BOULDER, Colo. (KDVR) — The Boulder County Sheriff’s Office is looking for volunteers to join its Victim Assistance Program.
Staffed by trained volunteers, the program offers physical and emotional support to victims of crime, accidents and trauma along with resources to support them in the days ahead.
Longtime Victim Advocate Lalenia Quinlan Aweida has been volunteering for nearly seven years.
“I think it’s built my muscles for compassion,” Quinlan Aweida said. “What keeps me coming back to this is even though it’s hard work, it’s really good work and you know that you are helping someone right in that moment. It’s like you’re just holding space for them.”
The program consists of “on-scene advocates” that respond to a scene at the request of the deputy and “outreach advocates” who follow up afterward.
“We all have those moments where something really bad has happened and we don’t know what the next step is and the best thing you can give someone in that situation is control over their own destiny and that’s what we try to help people do,” Quinlan Aweida said.
Around this time each year, BCSO Commander Jason Oehlkers said there’s always a push for more volunteers. He said they currently have 35 volunteers with the program.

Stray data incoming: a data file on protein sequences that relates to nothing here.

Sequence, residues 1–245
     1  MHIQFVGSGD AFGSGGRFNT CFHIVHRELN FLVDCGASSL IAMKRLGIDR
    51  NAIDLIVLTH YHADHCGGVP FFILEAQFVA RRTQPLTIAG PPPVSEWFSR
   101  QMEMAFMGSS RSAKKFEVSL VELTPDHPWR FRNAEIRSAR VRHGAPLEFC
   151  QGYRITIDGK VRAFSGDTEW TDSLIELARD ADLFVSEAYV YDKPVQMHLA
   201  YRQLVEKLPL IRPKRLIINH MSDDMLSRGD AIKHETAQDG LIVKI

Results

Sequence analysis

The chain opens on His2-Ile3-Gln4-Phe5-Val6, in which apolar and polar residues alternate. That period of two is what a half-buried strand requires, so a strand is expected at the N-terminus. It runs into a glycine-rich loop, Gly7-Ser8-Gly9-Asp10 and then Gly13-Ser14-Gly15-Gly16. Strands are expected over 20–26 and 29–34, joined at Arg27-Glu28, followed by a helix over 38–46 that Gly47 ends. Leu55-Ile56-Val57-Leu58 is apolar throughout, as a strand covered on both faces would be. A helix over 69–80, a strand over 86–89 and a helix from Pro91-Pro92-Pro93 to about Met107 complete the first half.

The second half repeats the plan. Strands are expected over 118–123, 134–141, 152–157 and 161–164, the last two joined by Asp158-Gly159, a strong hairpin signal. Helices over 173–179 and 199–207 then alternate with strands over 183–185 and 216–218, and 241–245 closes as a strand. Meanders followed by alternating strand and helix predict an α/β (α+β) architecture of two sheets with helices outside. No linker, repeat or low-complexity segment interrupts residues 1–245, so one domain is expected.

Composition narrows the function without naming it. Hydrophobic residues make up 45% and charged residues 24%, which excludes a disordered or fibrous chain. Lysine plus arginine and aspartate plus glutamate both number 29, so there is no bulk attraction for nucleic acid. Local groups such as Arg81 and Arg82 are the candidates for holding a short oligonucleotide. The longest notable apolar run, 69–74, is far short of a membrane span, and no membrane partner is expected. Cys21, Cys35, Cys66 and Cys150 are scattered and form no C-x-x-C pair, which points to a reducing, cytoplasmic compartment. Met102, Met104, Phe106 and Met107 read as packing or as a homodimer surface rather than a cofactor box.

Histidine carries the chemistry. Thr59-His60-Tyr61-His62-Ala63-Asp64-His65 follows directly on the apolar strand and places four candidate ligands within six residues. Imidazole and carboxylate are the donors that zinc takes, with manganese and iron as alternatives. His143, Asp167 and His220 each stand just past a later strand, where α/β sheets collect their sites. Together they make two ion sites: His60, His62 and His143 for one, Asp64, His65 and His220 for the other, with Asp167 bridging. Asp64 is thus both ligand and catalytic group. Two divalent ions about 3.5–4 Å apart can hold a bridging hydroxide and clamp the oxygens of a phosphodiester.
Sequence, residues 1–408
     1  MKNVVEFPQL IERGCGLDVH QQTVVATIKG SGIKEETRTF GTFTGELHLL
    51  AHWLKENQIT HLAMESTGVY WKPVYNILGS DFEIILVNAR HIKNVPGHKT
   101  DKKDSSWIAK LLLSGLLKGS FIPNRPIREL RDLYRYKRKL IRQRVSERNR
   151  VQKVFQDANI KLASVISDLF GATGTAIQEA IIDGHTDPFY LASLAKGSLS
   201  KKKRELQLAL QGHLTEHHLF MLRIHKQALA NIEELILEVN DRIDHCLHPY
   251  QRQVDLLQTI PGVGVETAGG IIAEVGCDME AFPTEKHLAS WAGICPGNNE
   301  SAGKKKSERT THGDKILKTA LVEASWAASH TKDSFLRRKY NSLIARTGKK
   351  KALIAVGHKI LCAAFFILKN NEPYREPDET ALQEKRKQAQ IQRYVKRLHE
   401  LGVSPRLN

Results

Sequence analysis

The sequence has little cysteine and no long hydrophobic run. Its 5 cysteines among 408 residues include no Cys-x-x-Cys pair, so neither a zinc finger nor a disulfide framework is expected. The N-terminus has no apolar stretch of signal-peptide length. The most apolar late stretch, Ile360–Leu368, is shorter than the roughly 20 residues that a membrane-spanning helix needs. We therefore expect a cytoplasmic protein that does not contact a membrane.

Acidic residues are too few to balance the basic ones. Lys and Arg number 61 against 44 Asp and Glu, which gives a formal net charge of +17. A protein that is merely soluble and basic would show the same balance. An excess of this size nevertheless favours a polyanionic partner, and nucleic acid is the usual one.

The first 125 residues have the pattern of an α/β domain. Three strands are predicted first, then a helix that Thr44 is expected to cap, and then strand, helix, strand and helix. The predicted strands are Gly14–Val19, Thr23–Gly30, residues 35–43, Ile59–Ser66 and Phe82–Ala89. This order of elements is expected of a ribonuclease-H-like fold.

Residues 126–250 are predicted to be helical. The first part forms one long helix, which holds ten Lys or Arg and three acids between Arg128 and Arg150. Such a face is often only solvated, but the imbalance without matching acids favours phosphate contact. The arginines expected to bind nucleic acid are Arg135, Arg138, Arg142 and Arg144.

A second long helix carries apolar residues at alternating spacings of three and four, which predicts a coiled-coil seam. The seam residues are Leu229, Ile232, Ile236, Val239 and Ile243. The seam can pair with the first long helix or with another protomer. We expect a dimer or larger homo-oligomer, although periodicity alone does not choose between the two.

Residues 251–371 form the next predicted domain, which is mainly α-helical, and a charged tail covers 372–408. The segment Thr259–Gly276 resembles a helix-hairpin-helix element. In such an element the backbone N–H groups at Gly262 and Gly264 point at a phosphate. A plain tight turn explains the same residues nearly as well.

“Every year we work with surrounding agencies and have a Victim Advocate Academy during the month of October and that is three weeks long,” Oehlkers said. “It provides the basic skills that an advocate will need before they go out into the field and help people.”
No prior experience is needed before signing up, but Oehklers said ideal volunteers are 21 years and older.
“I think it is a huge help to the sheriff’s office, but the true benefit to this is really to the community, to the people that have lost loved ones, the people who have been assaulted or are experiencing some sort of grief,” Oehlkers said.
Quinlan Aweida said there are plenty of shifts to choose from, each rewarding in its own way.
“The key is to never think that you know what you’re going to. You just stay open and know it could be anything,” Quinlan Aweida said. “You arrive on scene and find your commanding officer and you’re off and running. It’s never boring, never.”